Protecting Clients Against Discrimination for More Than 30 Years
If you have faced workplace discrimination because of your race, sex, or a disability, you may have a legal claim against your employer. Dan Atkerson is an employment discrimination attorney in Allen, TX, who can assist you in bringing any valid discrimination claims against your employer. We recommend saving any and all documentation, records, and potential evidence that can be used to bolster your case. To ensure you receive the best advice possible regarding your employment law situation, contact Atkerson Law today and schedule your consultation.
Title VII of the Civil Rights Act of 1964 is the primary federal law that protects employees from sex discrimination and racial discrimination in the workplace.National Archives
Employee Rights Under Title VII of the Civil Rights Act
For more than 32 years, employment discrimination attorney Dan A. Atkerson has fought for workers who have been a victim of:
- Age discrimination
- Disability discrimination
- Faith-based discrimination
- Gender or sex discrimination
- Gender identity discrimination
- LGBT discrimination
- National origin discrimination
- Pregnancy discrimination
- Race discrimination
During your personal consultation, we can review the circumstances surrounding your case to determine the best course of action.
Which Texas Employment Laws Prohibit Discrimination in the Workplace?
Title VII of the Civil Rights Act of 1964 is the primary federal law that protects employees from sex discrimination and racial discrimination in the workplace. Title VII outlaws any sort of discrimination by employers based on an employee’s race or sex. Other federal, state and local laws prohibit these types of employment discrimination as well. This includes the Pregnancy Discrimination Act, the Americans with Disabilities Act and the Equal Pay Act of 1963.
Title VII and Race Discrimination
Title VII precludes employers from discriminating against employees or prospective employees based on their race or national origin. Unlawful racial discrimination can take on many forms. It can be an overt action or more subtle in nature. For instance, an employer cannot use race as a basis for hiring, promoting, or terminating an employee. Likewise, race cannot be a factor in an employer’s decision to not hire or promote an employee.
Thus, an employer who has promoted a less-qualified employee over a better-qualified employee may have committed unlawful racial discrimination. Prohibited racial discrimination also may include paying employees of different races different wages, or offering different benefits. In addition to Title VII, many states have laws that outlaw racial discrimination as well. As a result, an employer could be liable for racially discriminatory acts under both state and federal law. This could then make the employer responsible for paying damages to affected employees and substantial fines.
The Pregnancy Discrimination Act and Sex Discrimination
Like racial discrimination, discrimination based upon sex can take many forms. Sex discrimination occurs whenever an employer treats two similarly qualified employees differently based on their sexes, in terms of the hiring process, discipline, or termination.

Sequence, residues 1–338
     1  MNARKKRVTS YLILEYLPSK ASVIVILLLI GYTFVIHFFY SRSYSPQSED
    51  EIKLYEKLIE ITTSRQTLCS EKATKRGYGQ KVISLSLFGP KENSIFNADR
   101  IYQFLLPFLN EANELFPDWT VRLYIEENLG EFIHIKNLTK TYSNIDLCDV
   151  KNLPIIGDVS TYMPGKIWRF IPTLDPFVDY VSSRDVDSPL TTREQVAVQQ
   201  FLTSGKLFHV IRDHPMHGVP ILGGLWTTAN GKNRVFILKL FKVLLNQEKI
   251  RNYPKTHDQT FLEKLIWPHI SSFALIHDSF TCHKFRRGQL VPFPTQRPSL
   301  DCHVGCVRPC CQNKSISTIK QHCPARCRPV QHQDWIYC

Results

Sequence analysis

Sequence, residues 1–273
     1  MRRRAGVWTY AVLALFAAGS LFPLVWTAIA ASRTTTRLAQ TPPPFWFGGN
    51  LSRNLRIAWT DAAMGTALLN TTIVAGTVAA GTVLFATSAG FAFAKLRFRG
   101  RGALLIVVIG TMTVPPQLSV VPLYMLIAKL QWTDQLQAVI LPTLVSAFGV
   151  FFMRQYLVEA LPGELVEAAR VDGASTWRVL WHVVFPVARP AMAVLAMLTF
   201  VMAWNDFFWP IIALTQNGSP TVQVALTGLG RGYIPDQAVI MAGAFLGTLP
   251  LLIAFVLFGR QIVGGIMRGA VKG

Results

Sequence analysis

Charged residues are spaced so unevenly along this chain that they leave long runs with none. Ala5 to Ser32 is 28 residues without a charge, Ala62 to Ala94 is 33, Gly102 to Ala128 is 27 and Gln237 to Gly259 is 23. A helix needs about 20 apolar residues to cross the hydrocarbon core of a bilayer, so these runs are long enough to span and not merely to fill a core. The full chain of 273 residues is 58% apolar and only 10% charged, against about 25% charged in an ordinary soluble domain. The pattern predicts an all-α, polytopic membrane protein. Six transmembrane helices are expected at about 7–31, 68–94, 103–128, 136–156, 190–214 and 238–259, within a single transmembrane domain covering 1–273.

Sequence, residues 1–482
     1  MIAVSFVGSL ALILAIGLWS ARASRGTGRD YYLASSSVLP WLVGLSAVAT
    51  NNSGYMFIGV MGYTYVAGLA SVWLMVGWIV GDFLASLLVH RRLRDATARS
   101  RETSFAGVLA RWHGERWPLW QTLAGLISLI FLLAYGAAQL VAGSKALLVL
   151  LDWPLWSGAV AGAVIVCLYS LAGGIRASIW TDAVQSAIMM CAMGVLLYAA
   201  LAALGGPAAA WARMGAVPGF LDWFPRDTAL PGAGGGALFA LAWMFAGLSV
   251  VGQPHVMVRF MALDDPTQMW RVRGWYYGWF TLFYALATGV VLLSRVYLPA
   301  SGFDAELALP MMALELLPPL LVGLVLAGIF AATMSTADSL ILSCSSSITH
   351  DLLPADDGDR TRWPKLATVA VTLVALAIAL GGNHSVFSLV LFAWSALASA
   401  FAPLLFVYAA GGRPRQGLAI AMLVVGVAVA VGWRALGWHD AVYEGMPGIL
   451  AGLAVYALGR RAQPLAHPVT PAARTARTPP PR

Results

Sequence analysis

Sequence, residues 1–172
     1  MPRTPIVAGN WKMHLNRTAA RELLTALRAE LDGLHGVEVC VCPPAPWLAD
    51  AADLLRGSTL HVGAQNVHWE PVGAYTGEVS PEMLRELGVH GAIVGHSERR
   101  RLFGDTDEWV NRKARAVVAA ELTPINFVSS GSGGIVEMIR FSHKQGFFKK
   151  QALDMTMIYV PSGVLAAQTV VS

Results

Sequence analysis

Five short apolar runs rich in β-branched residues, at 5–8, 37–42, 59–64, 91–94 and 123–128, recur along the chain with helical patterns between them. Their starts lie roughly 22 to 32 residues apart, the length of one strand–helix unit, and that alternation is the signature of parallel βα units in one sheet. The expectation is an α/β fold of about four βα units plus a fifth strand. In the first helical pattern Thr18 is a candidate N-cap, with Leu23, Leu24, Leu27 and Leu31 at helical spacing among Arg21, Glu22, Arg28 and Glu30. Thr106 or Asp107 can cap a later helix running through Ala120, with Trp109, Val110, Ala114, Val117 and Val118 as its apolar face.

Title VII of the Civil Rights Act of 1964 is the primary federal law that protects employees from sex discrimination and racial discrimination in the workplace. Title VII outlaws any sort of discrimination by employers based on an employee’s race or sex.
Sexual Discrimination and Harassment
Another type of sex discrimination takes the form of sexual harassment. This can be direct sexual overtures or actions between a supervisor and subordinate, or between two co-workers. Sexual harassment also can occur in the context of a hostile work environment, in that other employees create a sexually inappropriate workplace atmosphere that offends one or more employees. Sex discrimination protections also extend to gender identity, according to a recent ruling. Title VII governs all of these sex discrimination situations. Therefore, an employer can be liable under Title VII for damages suffered by an employee who has suffered sex discrimination.
As only women can get pregnant and bear children, pregnancy discrimination falls within the purview of sex discrimination, as well. Not only does Title VII prohibit discrimination on the basis of pregnancy as a type of sex discrimination, but the Pregnancy Discrimination Act outlaws any discrimination on the basis of an employee’s pregnancy, childbirth, or maternity leave as well. The Pregnancy Discrimination Act provides recourse for employees who have experienced discrimination in this manner, along with Title VII.
The ADA also requires employers to provide reasonable accommodations to employees with disabilities, in order to allow those employees to complete their job duties. The application process, the hiring process, employee discipline and termination are all subject to the requirements of the ADA.
The Americans with Disabilities Act and Disability Discrimination
The Americans with Disabilities Act (ADA) is a federal law that bars employers from discriminating against employees or prospective employees on the basis of disability, or any physical or mental impairment that substantially limits one or more of an employee’s major life activities, such as walking, talking, seeing, and hearing.
As is the case with Title VII and similar anti-discrimination laws, the ADA sets forth penalties for employers who violate its terms. Any employee who has been the victim of disability discrimination may be entitled to damages from the employer who has violated the ADA.